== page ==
Listed Building

The only legal part of the listing under the Planning (Listing Buildings and Conservation Areas) (Scotland) Act 1997 is the address/name of site. Addresses and building names may have changed since the date of listing – see 'About Listed Buildings' below for more information. The further details below the 'Address/Name of Site' are provided for information purposes only.

Address/Name of Site

ST MARNOCK STREET, ST MARNOCK'S PARISH CHURCH (CHURCH OF SCOTLAND)LB35961

Status: Designated

Documents

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Summary

Category
B
Date Added
03/07/1980
Local Authority
East Ayrshire
Planning Authority
East Ayrshire
Burgh
Kilmarnock
NGR
NS 42671 37694
Coordinates
242671, 637694

Description

James Ingram, 1836. Rectangular plan, Perpendicular Gothic, 6-bay church with centrally placed 4-stage tower to N gable. Pink sandstone with base and string course. Angle, diagonal and octagonal clasping buttresses.

N (PRINCIPAL) ELEVATION: central 2-leaf, gothic panelled door to ground, recessed under pointed arch with moulded reveals and crocketed, ogival hood-mould. Tower breaking gablehead: tall window with reticulated tracery set under square-panelled head; clock in lozenge panel above; louvered opening with panel tracery and ogival hood-mould in upper stage; battlemented parapet with square angle pinnacles. Battlemented gable flanking tower with tall, panel-traceried windows below; octagonal, blind panelled, terminal buttresses with crocketed and finialled caps.

E ELEVATION: 5 similarly traceried windows; timber gothic door to bay 6 with hood-mould and blind lancets above.

S (REAR) ELEVATION: 3 geometric traceried windows with central window tallest; gablehead finial removed, diagonally placed angle buttress & finials remain; later single storey addition present.

W ELEVATION: 5 similarly traceried windows; timber gothic door to bay 1 with hood-mould and blind lancets above.

Stained glass of square quarry to most windows. Piended grey slate roof with lead flashings. Painted cast-iron rainwater goods.

INTERIOR: gothic revival interior with original lectern & organ.

Statement of Special Interest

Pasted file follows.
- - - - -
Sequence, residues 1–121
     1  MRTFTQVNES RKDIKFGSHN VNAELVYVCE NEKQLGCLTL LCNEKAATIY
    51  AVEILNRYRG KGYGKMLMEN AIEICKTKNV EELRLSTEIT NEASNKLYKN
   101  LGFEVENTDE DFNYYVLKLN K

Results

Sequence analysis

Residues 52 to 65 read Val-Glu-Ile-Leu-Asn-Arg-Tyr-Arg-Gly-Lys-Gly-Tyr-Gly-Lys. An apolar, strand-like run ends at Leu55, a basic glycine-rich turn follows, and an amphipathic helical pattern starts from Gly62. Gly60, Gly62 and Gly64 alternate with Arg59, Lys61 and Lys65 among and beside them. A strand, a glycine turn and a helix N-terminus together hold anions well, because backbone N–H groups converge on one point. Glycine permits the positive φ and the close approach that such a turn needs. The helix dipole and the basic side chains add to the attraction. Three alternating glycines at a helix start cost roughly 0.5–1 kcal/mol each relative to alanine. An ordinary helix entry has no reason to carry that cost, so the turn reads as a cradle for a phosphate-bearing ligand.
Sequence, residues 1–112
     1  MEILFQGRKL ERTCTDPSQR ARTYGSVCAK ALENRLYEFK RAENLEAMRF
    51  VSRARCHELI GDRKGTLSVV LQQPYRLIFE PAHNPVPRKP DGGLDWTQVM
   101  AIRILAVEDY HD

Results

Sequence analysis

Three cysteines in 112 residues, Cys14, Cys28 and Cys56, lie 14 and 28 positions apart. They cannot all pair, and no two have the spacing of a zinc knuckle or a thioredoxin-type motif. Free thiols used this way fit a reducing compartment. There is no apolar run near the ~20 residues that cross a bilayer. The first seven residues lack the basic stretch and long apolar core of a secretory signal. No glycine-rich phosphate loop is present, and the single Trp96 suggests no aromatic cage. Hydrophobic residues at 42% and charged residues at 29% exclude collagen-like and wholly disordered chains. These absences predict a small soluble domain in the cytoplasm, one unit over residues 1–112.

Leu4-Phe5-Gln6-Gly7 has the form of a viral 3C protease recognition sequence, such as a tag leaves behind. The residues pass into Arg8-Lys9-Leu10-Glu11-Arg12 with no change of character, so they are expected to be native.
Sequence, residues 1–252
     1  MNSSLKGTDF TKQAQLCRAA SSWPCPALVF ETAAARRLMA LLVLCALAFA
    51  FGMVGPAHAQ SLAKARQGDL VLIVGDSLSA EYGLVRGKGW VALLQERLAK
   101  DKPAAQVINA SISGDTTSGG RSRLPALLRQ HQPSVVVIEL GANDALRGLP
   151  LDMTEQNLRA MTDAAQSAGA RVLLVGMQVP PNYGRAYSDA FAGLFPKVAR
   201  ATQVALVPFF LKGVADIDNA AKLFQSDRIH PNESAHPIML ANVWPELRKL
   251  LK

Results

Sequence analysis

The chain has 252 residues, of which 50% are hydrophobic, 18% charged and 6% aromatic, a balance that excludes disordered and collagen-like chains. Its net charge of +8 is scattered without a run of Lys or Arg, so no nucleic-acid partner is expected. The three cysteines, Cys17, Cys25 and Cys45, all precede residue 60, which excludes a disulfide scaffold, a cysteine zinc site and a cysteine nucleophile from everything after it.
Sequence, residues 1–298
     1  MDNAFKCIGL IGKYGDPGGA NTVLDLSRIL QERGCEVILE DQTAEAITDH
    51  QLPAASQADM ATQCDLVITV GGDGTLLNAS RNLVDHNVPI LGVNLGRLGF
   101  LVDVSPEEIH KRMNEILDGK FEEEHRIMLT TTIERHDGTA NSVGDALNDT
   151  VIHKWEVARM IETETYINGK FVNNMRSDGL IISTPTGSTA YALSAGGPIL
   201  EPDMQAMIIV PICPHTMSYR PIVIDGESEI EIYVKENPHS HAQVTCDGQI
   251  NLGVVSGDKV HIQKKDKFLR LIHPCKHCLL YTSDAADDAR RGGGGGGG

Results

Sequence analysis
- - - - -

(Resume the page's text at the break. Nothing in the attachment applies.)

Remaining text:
Ecclesiastical building in use as such. The architect was local man James Ingram, who planned many buildings within Kilmarnock during the mid-late 19th century. This was his first major piece of work. He was later in practise with his son Robert Samson Ingram at 114 King Street. The church dates from 1836 and cost ?5000 including the tower. It was built primarily as a chapel of ease and contained 1736 sittings. The Commissioner's Report said "It is intended to apply to the presbytery to assign a parochial district to it, when an endowment is got for a minister." It was finally constituted a quoad sacra church in 1862. Internally, the organ cost ?350 and was a gift from John Gilmour, Esq. of Elmbank House (which was later demolished to provide land for the Dick Institute). Not long after the church opened, rumours began to circulate with regard to the safety of the structure. The building is wide and it was assumed the roof was too heavy and wide to be supported properly. Repair and strengthening work was carried out to the centre, which fuelled rumours of an imminent structural collapse. One Sunday during a service conducted by Rev. David Strong, a gale sent a tree crashing into a sidewall of the church and the main doors burst open with the storm. The congregation panicked, especially as someone imagined they saw smoke in the session house and, like the Laigh Kirk 35 years previously, a stampede occurred. Multiple deaths were averted due to Rev. Strong's pulpit address urging calm. No injuries were reported (unlike the Laigh Kirk where 30 people died) and the structure still survives a century and a half later.

References

Bibliography